Posted in essay, fanfiction, writing

Fandom Writing Starter Kit: Production

There are different names for different kinds of fics. Some transfer over to original work, but some are unique to Fanficion.  Some kinds are fandom-dependent. So now that you know what you want to write, its time to figure how to describe what you wrote to potential readers. 

Length Descriptors:

  • The Drabble

A drabble is anything under 500 words.  Some are more strict and say anything under 100 words.  Either way, these are the short-fics.  The ones that tend to be a single scene, or a brief introspection by a character.  Something that doesn’t need a lot of detail.

There are shorter challenges in various fandoms for 1 sentence or 3 sentence fics based on prompts, but they all fall under the drabble umbrella.

  • The One-Shot

The one shot is a short story.  These are usually only a chapter (hence the name), although depending on how the author decides to post up to 3-4 chapters.  But it tends to be written as a single entity then divided up for spacial or because they want to give readers eyes a rest.   Word counts vary depending on what the person wants to say.  This usually anything from 500 words to 2,000 although I have some that are 6,000+.  The main indicator of this is that its not meant to be read in a serial format, but rather a single setting.

Now, sometimes stories that are only two chapters (and built that way) are called Two-shots, but usually anything over one chapter isn’t called a X-shot.

Both Drabbles and One-shots are popular on social media as interactive fiction where readers provide prompts.

  • The Chapter-Fic

As you can tell, a chapter fic is a story that has chapters.  These are usually meant to have chapters, as opposed to the longer one-shots that are divided up for easier consumption rather then any desire by the author to separate into chapters.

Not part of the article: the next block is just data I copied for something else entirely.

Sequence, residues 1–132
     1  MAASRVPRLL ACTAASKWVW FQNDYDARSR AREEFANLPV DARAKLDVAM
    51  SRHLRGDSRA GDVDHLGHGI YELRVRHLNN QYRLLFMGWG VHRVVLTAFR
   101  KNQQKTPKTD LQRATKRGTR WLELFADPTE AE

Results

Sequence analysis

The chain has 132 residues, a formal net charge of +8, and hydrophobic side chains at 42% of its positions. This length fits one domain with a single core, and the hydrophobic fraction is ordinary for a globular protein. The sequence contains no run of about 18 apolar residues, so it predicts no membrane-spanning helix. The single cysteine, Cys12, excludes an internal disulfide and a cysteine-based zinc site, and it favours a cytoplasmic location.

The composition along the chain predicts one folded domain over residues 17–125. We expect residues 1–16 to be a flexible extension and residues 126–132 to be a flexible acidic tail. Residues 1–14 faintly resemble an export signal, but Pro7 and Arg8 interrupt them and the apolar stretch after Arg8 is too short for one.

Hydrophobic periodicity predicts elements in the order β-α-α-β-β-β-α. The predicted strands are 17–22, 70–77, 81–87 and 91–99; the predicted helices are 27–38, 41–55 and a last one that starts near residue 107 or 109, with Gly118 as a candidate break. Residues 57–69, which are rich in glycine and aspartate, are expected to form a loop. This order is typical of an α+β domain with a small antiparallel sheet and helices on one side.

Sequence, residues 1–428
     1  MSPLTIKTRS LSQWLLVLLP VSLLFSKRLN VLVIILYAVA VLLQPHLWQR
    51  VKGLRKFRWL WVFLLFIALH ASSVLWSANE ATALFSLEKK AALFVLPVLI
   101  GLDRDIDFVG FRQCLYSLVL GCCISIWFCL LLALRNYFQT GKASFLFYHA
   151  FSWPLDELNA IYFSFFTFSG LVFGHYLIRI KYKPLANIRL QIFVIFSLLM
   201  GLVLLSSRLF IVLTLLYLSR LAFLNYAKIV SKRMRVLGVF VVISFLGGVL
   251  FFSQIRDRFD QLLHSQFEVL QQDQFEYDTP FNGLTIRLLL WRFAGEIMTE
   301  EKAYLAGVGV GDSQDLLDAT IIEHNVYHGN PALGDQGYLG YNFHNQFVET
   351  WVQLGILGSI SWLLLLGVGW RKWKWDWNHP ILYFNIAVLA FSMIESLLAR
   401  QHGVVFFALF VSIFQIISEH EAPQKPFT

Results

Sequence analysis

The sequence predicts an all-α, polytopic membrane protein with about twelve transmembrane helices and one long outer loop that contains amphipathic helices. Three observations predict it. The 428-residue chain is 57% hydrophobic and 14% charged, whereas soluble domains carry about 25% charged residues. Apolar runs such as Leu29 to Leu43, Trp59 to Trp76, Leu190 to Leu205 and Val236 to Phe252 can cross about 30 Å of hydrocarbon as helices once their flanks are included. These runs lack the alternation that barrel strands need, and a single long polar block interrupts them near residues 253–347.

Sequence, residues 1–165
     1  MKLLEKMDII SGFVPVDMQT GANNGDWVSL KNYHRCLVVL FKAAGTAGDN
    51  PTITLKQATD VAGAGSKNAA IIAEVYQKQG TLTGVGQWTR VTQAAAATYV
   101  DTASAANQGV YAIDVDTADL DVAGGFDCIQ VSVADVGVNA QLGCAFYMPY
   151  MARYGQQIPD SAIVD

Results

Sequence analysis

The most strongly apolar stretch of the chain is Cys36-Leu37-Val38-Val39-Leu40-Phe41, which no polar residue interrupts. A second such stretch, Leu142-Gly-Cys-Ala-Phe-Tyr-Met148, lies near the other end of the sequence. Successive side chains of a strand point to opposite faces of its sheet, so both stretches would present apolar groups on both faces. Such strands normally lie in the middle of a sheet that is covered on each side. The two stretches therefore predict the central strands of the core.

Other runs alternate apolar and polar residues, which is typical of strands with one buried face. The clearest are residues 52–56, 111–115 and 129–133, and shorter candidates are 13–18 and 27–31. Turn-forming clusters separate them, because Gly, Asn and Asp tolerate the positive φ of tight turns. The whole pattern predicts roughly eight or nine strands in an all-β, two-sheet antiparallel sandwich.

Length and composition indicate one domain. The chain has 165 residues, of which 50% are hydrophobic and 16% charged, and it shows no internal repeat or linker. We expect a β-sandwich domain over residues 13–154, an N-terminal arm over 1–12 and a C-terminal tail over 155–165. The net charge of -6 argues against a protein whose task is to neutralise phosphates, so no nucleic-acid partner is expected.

Chapter fics can be short, they can be novellas, they can be novels.  Occasionally you’ll find chapter fics that fall under epics.  Chapter sizes vary by author, just like in professional fiction.  Once you get past the one-shot/two-shot area its basically a chapter fic.

  • Series

Series is usually a group of one-shots that are related in some way, but chapter fics can also come in series, just like store bought books do.

Content Descriptors

  • Gen/Teamfic

This is fic that is non-romantic (except perhaps in the background), and tends to deal with a non-relationship topic or in platonic relationships, like that between teammates.

  • Fluff/Angst

Fluff stories are happy stories.  Angst are the stories where its not so happy.  If you have a fic that has both it can be called Flangst.

  • Smut/Lemon

This would be shippy fic that is for adult readers.  Lemon isn’t used as often as a descriptor, but I usually see that in older fics.

  • Whomp (Hurt/Comfort)

A fic whose main purpose is to put a character where they are physically or mentally put through the ringer.  If it also includes their recovery from such a situation, it is called Hurt/Comfort although Whomp usually does include both.  One of my favorite Stargate Atlantis fanfics is a Whomp fic.  The term whomp tends to be used more in action-based fandoms.